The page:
Please consider donating to Behind the Black, by giving either a one-time contribution or a regular subscription, as outlined in the tip jar to the right or below. Your support will allow me to continue covering science and culture as I have for the past twenty years, independent and free from any outside influence.
The competition heats up: The government of Luxembourg today announced an initiative to establish a legal framework that will ensure property rights in space for private investors.
The Luxembourg Government announced a series of measures to position Luxembourg as a European hub in the exploration and use of space resources. Amongst the key steps undertaken, as part of the spaceresources.lu initiative, will be the development of a legal and regulatory framework confirming certainty about the future ownership of minerals extracted in space from Near Earth Objects (NEO’s) such as asteroids.
Luxembourg is the first European country to announce its intention to set out a formal legal framework which ensures that private operators working in space can be confident about their rights to the resources they extract, i.e. rare minerals from asteroids. Such a legal framework will be worked out in full consideration of international law. Luxembourg is eager to engage with other countries on this matter within a multilateral framework.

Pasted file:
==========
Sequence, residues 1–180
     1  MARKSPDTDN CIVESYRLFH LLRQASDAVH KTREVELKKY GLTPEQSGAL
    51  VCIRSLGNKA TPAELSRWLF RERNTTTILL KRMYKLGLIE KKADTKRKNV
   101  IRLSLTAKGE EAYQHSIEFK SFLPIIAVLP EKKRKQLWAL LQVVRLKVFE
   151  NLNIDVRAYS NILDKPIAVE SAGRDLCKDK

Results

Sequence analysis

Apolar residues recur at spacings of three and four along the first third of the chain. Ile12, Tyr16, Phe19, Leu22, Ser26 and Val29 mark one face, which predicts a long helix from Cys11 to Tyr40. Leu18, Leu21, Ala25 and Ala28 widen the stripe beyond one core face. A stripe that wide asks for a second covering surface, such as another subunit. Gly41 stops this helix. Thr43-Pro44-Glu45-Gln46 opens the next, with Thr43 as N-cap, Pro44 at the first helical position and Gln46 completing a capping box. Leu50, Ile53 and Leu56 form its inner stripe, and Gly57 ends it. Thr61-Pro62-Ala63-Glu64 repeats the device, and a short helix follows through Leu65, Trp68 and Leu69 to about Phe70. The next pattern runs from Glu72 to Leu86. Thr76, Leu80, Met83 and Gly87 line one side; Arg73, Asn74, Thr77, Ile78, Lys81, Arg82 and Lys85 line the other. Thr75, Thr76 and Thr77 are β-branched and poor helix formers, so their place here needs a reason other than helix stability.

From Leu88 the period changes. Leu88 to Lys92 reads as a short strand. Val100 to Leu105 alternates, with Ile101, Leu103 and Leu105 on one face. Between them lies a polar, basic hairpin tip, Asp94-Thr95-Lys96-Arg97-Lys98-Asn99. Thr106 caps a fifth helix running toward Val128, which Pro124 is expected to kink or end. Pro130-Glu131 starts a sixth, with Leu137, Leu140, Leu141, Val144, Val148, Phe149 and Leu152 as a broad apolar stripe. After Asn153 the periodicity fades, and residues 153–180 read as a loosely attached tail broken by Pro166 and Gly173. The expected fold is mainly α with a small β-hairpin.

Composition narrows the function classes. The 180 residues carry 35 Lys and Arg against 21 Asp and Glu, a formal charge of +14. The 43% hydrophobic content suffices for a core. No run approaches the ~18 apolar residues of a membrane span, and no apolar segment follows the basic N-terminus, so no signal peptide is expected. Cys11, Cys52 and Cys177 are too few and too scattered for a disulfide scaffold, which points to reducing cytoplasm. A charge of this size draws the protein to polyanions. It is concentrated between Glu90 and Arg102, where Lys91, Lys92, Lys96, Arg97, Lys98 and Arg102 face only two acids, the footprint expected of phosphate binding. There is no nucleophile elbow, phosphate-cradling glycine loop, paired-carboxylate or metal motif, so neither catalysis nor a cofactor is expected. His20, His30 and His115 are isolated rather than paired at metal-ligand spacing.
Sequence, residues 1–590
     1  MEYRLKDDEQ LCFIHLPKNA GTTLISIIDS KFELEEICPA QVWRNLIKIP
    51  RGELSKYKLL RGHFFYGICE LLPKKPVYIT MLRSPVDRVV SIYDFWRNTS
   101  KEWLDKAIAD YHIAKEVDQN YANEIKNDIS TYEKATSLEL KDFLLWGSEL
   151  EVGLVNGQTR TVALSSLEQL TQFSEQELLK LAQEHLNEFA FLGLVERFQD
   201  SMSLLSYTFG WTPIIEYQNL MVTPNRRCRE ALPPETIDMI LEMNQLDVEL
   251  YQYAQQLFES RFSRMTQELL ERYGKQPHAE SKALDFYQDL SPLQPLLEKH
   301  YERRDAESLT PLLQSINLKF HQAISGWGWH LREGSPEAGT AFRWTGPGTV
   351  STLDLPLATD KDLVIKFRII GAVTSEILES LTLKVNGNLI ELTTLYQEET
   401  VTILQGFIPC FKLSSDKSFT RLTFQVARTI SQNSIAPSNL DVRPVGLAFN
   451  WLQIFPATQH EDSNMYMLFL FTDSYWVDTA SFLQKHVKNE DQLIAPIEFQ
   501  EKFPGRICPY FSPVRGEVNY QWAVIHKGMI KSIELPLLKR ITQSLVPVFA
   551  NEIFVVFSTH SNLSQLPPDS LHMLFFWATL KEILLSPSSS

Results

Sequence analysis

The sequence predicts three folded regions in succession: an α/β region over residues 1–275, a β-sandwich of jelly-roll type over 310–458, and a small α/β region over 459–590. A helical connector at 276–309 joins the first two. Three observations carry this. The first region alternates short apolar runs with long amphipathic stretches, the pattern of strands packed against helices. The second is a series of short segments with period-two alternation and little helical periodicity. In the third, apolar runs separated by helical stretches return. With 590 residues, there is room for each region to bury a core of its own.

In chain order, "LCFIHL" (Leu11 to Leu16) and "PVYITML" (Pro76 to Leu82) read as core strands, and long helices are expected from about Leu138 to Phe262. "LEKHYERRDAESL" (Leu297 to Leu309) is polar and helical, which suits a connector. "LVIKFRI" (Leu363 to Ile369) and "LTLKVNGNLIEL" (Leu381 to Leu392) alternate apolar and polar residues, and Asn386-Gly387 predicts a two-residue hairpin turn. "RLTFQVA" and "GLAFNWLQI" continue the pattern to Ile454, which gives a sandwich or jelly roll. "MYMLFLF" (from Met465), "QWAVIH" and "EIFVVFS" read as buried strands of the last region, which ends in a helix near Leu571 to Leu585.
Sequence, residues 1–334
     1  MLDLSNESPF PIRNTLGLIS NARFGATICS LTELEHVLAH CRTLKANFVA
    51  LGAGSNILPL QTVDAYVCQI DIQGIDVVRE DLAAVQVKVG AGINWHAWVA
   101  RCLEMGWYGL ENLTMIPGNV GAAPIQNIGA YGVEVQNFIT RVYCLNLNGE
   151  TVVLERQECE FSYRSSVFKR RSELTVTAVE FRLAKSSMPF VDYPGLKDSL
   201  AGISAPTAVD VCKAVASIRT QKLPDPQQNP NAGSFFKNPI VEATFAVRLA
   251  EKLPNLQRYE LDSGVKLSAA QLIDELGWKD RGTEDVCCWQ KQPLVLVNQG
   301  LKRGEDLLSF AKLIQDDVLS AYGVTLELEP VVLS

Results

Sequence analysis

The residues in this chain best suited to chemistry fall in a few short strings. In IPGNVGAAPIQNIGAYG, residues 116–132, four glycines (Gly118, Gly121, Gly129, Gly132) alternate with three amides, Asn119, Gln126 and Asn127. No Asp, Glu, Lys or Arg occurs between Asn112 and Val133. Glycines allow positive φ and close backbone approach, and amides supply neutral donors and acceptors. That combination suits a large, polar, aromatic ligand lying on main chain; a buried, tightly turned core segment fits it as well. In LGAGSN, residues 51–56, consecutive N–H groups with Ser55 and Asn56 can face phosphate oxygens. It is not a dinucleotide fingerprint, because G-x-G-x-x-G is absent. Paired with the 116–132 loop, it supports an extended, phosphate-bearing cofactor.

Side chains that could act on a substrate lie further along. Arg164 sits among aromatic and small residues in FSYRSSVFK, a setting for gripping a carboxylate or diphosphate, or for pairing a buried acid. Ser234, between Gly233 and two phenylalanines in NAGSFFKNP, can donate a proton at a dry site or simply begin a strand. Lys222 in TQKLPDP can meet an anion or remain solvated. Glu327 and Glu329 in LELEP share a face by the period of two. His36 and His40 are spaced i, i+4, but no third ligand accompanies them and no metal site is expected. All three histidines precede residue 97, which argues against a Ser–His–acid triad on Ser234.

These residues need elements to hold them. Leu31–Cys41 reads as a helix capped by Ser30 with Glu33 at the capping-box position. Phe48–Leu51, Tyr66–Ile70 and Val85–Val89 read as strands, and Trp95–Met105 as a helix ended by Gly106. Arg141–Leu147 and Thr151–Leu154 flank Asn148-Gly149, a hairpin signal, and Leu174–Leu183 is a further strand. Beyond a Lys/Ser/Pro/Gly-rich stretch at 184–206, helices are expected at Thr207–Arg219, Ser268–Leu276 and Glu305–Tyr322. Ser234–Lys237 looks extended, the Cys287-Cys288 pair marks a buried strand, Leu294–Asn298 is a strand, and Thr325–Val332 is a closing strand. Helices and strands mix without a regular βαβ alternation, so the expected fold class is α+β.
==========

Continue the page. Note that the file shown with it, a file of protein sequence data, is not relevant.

The announcement is a bit vague about what exactly Luxembourg really plans to do. For example, it is unclear if this framework will only apply to Luxembourg citizens, or will be used to bring the private efforts from other countries to Luxembourg (the more likely scenario). It also does not tell us how the initiative will deal with the UN Outer Space Treaty, which essentially outlaws countries from establishing their own legal framework in space. Individuals can supposedly own private property in space under that treaty, but no country can claim territory or impose its own legal framework on any territory, thus making any private property claims unclear and weak.